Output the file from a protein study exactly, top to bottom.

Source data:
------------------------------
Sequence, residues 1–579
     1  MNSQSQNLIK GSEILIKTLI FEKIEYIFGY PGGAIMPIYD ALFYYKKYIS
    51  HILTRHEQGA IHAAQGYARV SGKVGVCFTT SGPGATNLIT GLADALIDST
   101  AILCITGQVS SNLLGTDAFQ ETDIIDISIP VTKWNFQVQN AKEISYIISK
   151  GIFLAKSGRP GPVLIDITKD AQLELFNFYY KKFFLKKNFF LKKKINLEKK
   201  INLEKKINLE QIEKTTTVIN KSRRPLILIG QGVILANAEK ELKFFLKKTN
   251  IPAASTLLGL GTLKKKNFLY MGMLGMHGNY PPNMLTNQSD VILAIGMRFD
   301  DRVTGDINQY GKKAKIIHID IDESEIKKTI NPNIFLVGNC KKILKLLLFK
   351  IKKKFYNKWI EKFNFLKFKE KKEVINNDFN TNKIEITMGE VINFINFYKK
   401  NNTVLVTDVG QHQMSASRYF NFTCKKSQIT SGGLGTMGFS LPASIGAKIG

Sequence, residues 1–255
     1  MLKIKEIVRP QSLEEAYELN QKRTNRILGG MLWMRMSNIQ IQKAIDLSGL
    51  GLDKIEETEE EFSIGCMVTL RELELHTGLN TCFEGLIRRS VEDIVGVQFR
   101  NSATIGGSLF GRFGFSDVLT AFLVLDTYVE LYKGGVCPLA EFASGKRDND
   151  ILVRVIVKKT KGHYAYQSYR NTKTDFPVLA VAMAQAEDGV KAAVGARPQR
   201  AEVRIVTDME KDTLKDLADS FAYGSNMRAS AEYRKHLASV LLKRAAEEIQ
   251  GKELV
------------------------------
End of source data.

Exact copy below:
Sequence, residues 1–579
     1  MNSQSQNLIK GSEILIKTLI FEKIEYIFGY PGGAIMPIYD ALFYYKKYIS
    51  HILTRHEQGA IHAAQGYARV SGKVGVCFTT SGPGATNLIT GLADALIDST
   101  AILCITGQVS SNLLGTDAFQ ETDIIDISIP VTKWNFQVQN AKEISYIISK
   151  GIFLAKSGRP GPVLIDITKD AQLELFNFYY KKFFLKKNFF LKKKINLEKK
   201  INLEKKINLE QIEKTTTVIN KSRRPLILIG QGVILANAEK ELKFFLKKTN
   251  IPAASTLLGL GTLKKKNFLY MGMLGMHGNY PPNMLTNQSD VILAIGMRFD
   301  DRVTGDINQY GKKAKIIHID IDESEIKKTI NPNIFLVGNC KKILKLLLFK
   351  IKKKFYNKWI EKFNFLKFKE KKEVINNDFN TNKIEITMGE VINFINFYKK
   401  NNTVLVTDVG QHQMSASRYF NFTCKKSQIT SGGLGTMGFS LPASIGAKIG

Sequence, residues 1–255
     1  MLKIKEIVRP QSLEEAYELN QKRTNRILGG MLWMRMSNIQ IQKAIDLSGL
    51  GLDKIEETEE EFSIGCMVTL RELELHTGLN TCFEGLIRRS VEDIVGVQFR
   101  NSATIGGSLF GRFGFSDVLT AFLVLDTYVE LYKGGVCPLA EFASGKRDND
   151  ILVRVIVKKT KGHYAYQSYR NTKTDFPVLA VAMAQAEDGV KAAVGARPQR
   201  AEVRIVTDME KDTLKDLADS FAYGSNMRAS AEYRKHLASV LLKRAAEEIQ
   251  GKELV